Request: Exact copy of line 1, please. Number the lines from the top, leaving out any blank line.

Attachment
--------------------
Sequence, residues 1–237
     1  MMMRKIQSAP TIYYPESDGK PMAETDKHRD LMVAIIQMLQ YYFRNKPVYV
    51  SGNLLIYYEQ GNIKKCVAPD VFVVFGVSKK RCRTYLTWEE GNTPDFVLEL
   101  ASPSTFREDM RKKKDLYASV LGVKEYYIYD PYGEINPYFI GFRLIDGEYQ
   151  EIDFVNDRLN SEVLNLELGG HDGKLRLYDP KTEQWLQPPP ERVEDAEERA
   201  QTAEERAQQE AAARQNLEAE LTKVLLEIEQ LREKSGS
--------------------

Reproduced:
Sequence, residues 1–237